Shani Louk Confirmed Dead: The IDF also reported that 23-year old Shani Louk, a German-Israeli woman who attended the music festival in southern Israel on 10/7, has died. They were able to determine this after recovering a skull bone crucial for survival. DNA testing proved the bone belonged to Louk. The rest of Louk’s body is believed to be in Gaza. In a Hamas video from the massacre in Israel, Louk was shown in the back of a Hamas pickup truck, partially undressed and seemingly unconscious, while militants chanted around her. Until now, it was unclear whether Louk was dead or taken hostage.
Hamas Releases Video of Three Hostages: Hamas released a video of three women – Yelena Trupanov, Daniel Aloni and Ramon Kirsht – in captivity. In the video, Aloni says she and her fellow hostages are held in “unbearable conditions.” She also criticizes Israeli PM Netanyahu and demands the Israeli government agree to a prisoner swap, exchanging about 6,000 Hamas militants for 230 Israeli prisoners. Note: I assume most of you know this but just in case — hostage videos are recorded under duress. What hostages say in captivity is determined by their hostage takers. Videos like this can be a valuable source of intelligence for those trying to locate and rescue the hostages. Netanyahu’s office called the video “cruel psychological propaganda.”
Reminder: Hamas still holds 230+ hostages in Gaza.
Ground Operation Updates: Israel is now in phase two of its three-phase war plan: a ground offensive. The IDF says soldiers and tanks entered Gaza this weekend from the northern and eastern border areas and that they intensified their ground operation today. This is verified by reporters and video from the Israel side of the border. The IDF appears to be surrounding Gaza City. CNN reporters on the Israel side of the border say they can see and hear loud machine gun fire, drones, fighter jets, and helicopters. Meanwhile, Hamas continues to launch rockets towards Israel.
Netanyahu Says No Ceasefire: Speaking at a press conference Monday, Israeli Prime Minister Netanyahu said that despite increasing international pressure, Israel will not agree to a ceasefire, saying “calls for a cease-fire are calls for Israel to surrender to Hamas.” Adding, “just as the United States would not agree to a ceasefire after the bombing of Pearl Harbor, or after the terrorist attacks of 9/11.”
Domestic Strife: Inside Israel there are growing calls for Prime Minister Netanyahu to resign. Noam Tibon, a retired General who drove to a kibbutz on 10/7 and fended off Hamas terrorists to rescue many, including his son, compared Netanyahu to Neville Chamberlain. Arguing that the majority of Israelis don’t feel safe under Netanyahu’s leadership and “I don’t think he can lead us to victory,” he called for the Prime Minister to resign or face removal by the Knesset (Israel’s parliament). Asked at a press conference if he will resign, Netanyahu said, “The only thing I intend to have resign is Hamas.” I share this as a reminder that the policies of Israel’s current government – even the way they are executing this war – do not have unanimous support within the country. Rewind: Israel was rocked by internal strife over Netanyahu’s hard-right policies and after the 10/7 attack some of his critics argued those policies made Israel vulnerable to this crisis.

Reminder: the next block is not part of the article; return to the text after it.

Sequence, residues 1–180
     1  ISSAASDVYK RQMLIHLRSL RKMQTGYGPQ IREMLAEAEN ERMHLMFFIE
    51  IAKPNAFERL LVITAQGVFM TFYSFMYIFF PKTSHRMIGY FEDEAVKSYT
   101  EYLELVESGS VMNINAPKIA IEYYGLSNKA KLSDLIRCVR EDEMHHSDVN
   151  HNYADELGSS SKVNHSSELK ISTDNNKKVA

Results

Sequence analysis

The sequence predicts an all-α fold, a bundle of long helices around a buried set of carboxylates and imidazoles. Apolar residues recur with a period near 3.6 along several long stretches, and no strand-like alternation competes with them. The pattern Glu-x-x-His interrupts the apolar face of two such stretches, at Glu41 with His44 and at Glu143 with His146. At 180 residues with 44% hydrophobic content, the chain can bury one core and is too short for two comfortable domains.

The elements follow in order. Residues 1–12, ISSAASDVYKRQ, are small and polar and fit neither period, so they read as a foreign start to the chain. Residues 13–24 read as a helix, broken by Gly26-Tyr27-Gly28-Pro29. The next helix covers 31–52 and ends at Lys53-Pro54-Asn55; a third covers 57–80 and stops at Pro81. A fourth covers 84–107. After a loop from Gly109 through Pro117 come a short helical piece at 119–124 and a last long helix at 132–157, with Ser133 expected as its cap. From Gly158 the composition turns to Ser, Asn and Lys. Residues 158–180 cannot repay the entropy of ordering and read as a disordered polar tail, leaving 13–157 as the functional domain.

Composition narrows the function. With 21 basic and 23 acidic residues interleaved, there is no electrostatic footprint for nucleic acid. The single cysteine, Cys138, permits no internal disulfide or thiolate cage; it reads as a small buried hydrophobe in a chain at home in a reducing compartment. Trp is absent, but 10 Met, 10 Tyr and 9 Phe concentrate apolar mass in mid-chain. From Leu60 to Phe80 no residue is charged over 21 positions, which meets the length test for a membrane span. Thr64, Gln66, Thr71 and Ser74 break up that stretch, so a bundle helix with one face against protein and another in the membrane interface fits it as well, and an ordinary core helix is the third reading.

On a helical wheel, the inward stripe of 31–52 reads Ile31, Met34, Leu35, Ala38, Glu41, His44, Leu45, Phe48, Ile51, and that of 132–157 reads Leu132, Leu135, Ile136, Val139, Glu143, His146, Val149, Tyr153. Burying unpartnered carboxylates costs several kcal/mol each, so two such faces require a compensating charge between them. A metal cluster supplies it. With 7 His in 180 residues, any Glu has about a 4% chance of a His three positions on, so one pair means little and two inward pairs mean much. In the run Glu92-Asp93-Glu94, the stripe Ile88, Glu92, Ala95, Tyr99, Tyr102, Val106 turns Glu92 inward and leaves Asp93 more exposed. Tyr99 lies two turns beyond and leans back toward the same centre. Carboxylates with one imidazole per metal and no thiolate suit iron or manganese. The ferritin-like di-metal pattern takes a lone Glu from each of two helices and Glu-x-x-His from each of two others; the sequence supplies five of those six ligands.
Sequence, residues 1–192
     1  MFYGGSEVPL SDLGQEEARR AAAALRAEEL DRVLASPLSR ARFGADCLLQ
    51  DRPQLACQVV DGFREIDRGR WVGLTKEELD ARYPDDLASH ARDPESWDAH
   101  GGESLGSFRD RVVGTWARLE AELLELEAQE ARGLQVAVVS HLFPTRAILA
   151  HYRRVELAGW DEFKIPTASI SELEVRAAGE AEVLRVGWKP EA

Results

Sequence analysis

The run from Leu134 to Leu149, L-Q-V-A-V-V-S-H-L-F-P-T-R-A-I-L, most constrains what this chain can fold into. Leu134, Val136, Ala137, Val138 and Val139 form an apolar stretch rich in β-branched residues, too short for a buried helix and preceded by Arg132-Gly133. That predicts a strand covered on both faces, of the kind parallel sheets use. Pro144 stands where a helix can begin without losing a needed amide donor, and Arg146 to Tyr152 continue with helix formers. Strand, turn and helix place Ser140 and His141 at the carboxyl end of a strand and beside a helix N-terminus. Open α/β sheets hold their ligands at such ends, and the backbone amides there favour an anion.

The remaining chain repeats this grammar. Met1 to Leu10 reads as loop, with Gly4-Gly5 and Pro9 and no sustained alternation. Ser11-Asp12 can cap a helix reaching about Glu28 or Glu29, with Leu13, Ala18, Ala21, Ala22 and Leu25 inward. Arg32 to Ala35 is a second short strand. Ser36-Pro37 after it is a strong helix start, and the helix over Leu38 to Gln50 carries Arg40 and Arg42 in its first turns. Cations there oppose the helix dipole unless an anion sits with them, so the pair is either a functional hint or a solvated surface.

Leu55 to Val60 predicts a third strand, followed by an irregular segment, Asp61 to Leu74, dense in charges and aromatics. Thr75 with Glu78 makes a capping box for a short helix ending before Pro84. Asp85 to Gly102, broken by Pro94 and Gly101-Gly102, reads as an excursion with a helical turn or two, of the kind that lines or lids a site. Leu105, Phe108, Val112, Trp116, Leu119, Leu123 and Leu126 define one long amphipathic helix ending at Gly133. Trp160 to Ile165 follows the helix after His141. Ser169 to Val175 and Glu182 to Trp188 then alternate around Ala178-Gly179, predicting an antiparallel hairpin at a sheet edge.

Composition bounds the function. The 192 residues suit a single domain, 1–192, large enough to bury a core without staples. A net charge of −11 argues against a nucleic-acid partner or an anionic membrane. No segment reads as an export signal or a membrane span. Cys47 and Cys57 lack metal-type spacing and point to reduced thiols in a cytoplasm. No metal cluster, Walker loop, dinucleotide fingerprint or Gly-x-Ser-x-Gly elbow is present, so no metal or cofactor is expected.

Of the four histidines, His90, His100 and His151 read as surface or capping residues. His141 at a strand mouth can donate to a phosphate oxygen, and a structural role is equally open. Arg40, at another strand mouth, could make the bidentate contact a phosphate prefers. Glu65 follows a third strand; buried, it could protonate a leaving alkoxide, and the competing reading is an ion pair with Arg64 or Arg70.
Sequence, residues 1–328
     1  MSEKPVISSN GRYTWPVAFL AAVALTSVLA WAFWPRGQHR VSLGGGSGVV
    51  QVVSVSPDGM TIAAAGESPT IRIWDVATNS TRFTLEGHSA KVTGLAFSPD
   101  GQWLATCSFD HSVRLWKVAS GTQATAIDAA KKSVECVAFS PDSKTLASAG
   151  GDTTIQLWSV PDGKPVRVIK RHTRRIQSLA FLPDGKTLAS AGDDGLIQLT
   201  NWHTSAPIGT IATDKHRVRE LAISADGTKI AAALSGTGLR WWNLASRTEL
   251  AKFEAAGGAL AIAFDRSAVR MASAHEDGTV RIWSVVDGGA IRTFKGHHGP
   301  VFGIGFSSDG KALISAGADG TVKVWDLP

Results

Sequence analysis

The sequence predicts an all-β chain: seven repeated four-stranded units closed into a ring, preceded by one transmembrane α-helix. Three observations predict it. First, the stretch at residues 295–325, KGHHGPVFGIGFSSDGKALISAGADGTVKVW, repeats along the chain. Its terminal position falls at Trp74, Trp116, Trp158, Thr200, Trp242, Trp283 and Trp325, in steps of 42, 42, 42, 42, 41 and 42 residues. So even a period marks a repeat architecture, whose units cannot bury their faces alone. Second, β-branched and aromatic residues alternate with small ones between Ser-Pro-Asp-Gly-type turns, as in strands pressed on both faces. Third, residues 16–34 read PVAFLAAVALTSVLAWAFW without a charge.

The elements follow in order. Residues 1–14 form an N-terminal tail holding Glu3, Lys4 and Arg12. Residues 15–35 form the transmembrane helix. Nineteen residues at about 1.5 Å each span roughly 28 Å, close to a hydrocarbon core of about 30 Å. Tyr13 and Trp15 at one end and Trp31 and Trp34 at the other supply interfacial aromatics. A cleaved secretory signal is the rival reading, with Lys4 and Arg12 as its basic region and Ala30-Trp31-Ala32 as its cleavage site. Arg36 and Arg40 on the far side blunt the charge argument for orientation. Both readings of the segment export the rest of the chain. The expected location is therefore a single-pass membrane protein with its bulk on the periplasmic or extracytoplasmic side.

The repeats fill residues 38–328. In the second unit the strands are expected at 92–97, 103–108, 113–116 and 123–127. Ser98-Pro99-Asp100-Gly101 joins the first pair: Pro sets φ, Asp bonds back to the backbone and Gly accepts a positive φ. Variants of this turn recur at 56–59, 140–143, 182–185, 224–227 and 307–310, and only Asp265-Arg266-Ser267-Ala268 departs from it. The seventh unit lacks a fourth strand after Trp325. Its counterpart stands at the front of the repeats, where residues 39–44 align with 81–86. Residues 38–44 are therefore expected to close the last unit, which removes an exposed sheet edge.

Humanitarian Crisis in Gaza: Internet and phone service are back online in Gaza, allowing a look in at conditions on the ground after communications were down most of the weekend. The Palestine Red Crescent Society said the IDF warned them to evacuate Al Quds Hospital in Gaza City, which has over 500 patients and 12,000 displaced people sheltering there. Meanwhile the US State Department says a total of 150 aid trucks have now entered through the Rafah Crossing since it opened. This is far short of the nearly 500 trucks that entered Gaza daily before the war. The UN warned that “civil order is starting to break down” as increasingly desperate civilians have begun raiding warehouses for crucial supplies like flour and hygiene products. And UNICEF says the shortage of clean water is on the “verge of becoming a catastrophe.”
Tensions Beyond Gaza: On Sunday, an Israeli settler shot and killed a Palestinian farmer in the West Bank. This is the seventh killing of a Palestinian civilian by settlers in the West Bank since October 7. IDF raids, drone strikes, and airstrikes have killed over 100 Palestinians, according to West Bank officials. The IDF says it is targeting terror suspects. This is a reminder that there are flash points outside of Gaza that could erupt into an additional front. The Israeli newspaper Haaretz ran an editorial on October 15 titled “Settlers Are Trying to Drag Israel Into War in the West Bank.”